Tissue engineering is a new approach, whereby techniques are being developed to transplant
autologous cells onto biodegradable scaffolds to ultimately form new functional tissue
in vitro and in vivo. Our laboratory has focused on the tissue engineering of heart
valves, and we have fabricated a trileaflet heart valve scaffold from a biodegradable
polymer, a polyhydroxyalkanoate. In this experiment we evaluated the suitability of
this scaffold material as well as in vitro conditioning to create viable tissue for
tissue engineering of a trileaflet heart valve.
We constructed a biodegradable and biocompatible trileaflet heart valve scaffold from
a porous polyhydroxyalkanoate (Meatabolix Inc, Cambridge, MA). The scaffold consisted
of a cylindrical stent (1 x 15 x 20 mm inner diameter) and leaflets (0.3 mm thick),
which were attached to the stent by thermal processing techniques. The porous heart
valve scaffold (pore size 100 to 240 microm) was seeded with vascular cells grown
and expanded from an ovine carotid artery and placed into a pulsatile flow bioreactor
for 1, 4, and 8 days. Analysis of the engineered tissue included biochemical examination,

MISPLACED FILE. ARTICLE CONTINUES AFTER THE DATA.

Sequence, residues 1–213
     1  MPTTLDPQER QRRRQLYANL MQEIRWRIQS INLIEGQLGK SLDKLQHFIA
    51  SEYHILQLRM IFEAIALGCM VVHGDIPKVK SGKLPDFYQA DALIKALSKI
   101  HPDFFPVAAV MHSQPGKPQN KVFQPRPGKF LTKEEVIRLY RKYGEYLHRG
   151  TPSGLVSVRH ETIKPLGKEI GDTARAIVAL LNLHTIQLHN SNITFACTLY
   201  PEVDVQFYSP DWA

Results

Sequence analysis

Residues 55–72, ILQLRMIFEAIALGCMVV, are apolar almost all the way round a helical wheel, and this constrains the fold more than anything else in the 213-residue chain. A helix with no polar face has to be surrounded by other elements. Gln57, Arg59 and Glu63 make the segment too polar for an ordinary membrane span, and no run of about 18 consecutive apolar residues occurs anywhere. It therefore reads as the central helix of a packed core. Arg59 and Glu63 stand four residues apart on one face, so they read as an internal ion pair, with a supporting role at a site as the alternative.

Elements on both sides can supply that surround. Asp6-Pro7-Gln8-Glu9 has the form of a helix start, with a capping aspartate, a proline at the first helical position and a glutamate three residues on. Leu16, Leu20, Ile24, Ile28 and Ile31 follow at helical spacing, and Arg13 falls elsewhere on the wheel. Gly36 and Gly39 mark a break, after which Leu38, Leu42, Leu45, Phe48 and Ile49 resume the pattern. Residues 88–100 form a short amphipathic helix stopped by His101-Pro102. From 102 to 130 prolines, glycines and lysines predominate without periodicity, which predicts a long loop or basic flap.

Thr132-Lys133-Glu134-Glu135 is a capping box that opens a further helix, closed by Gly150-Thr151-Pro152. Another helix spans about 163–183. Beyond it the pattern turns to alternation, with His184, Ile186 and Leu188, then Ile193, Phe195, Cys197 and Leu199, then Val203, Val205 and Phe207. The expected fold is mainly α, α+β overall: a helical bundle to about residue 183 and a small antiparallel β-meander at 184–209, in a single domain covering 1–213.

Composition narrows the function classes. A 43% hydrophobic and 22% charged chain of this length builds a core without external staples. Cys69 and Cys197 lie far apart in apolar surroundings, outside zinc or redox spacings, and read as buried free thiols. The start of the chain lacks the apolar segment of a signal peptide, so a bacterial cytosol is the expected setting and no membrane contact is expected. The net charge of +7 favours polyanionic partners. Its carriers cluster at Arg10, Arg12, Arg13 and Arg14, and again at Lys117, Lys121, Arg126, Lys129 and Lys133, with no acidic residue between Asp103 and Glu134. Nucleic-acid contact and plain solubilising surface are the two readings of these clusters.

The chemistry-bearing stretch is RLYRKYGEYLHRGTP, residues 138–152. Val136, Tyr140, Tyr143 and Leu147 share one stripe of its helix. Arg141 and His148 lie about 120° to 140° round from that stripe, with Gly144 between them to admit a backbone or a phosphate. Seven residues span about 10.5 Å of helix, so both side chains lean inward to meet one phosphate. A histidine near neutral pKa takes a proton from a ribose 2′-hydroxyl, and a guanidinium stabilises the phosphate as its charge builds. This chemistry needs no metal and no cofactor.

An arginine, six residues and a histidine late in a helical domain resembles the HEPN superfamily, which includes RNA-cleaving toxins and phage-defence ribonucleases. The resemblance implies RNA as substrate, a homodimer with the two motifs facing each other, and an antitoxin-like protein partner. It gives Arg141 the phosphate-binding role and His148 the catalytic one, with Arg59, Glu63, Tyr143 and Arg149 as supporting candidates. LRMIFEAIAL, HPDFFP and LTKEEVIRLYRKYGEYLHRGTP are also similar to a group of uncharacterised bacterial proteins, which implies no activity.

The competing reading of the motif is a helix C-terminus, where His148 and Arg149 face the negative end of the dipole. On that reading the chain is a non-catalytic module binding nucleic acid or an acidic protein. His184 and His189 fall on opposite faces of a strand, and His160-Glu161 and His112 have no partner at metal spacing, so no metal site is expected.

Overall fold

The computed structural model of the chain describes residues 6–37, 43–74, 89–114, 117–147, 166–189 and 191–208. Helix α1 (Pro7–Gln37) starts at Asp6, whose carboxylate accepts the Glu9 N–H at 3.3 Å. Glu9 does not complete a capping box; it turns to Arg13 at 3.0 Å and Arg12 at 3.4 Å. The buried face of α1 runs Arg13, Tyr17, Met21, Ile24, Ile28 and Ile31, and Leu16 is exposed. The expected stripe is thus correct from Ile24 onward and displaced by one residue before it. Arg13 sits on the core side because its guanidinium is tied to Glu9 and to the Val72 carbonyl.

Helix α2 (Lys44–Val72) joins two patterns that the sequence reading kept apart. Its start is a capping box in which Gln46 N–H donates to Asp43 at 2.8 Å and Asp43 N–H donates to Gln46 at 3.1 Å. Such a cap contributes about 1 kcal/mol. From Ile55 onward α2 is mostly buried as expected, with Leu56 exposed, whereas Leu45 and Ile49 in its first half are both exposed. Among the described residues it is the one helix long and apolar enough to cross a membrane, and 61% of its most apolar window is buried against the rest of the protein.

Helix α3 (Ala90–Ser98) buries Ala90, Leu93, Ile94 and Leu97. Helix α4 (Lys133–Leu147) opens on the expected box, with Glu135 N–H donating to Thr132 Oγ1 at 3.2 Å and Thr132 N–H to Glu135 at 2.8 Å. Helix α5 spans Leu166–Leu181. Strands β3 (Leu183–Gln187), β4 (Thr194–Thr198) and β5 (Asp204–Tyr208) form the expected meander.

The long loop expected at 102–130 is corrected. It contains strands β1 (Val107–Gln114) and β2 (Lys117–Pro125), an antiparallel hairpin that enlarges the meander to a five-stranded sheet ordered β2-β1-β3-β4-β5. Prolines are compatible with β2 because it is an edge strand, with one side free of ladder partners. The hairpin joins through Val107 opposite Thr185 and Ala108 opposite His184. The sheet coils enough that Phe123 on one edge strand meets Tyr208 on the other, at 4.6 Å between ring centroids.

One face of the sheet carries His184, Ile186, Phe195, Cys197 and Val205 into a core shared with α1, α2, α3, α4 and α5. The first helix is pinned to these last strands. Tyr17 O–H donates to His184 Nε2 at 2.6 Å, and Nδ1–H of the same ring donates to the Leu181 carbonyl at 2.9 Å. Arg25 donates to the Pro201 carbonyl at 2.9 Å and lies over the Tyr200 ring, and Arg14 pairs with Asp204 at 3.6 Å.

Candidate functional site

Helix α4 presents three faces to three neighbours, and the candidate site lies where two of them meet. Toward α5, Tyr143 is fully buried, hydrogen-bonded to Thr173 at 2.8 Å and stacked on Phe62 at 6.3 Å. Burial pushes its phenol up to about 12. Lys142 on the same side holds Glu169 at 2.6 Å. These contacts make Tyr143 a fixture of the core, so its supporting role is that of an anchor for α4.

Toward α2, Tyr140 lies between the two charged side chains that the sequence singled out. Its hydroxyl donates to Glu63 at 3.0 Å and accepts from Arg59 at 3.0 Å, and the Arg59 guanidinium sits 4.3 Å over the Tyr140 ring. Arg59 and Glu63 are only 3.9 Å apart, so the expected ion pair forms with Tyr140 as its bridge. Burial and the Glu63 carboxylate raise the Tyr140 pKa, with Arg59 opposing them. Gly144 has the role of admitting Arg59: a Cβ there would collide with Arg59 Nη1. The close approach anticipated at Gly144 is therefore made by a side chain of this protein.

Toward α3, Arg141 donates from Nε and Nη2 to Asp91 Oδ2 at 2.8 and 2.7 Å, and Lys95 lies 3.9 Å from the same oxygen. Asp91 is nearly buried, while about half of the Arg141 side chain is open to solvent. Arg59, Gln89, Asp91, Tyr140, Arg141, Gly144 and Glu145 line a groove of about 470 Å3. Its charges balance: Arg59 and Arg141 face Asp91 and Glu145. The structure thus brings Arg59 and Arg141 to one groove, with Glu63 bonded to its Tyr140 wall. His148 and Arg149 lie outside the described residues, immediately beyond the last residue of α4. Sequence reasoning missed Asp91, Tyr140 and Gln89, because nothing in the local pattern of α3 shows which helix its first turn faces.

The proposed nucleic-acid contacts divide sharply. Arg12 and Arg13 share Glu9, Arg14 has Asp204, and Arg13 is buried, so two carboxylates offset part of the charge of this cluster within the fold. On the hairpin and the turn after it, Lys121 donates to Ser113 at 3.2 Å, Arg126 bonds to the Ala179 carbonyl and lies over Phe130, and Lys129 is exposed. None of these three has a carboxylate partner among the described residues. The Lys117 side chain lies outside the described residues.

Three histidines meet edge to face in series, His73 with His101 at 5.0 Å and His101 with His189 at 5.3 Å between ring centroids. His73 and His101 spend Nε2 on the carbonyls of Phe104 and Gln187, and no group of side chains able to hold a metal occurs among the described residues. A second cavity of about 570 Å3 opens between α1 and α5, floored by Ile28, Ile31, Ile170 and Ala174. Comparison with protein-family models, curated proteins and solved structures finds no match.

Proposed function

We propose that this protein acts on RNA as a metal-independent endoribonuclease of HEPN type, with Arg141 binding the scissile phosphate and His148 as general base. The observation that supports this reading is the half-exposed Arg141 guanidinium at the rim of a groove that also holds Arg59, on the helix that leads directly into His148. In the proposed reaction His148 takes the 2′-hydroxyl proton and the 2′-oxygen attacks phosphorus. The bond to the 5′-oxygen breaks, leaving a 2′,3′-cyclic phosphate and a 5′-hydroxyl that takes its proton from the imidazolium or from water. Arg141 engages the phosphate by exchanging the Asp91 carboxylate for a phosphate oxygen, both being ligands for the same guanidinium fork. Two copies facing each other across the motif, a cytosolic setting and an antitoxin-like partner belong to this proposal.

enviromental scanning electron microscopy, and histology.
It was possible to create a trileaflet heart valve scaffold from polyhydroxyalkanoate,
which opened and closed synchronously in a pulsatile flow bioreactor. The cells grew
into the pores and formed a confluent layer after incubation and pulsatile flow exposure.
The cells were mostly viable and formed connective tissue between the inside and the
outside of the porous heart valve scaffold. Additionally, we demonstrated cell proliferation
(DNA assay) and the capacity to generate collagen as measured by hydroxyproline assay
and movat-stained glycosaminoglycans under in vitro pulsatile flow conditions.
Polyhydroxyalkanoates can be used to fabricate a porous, biodegradable heart valve
scaffold. The cells appear to be viable and extracellular matrix formation was induced
after pulsatile flow exposure.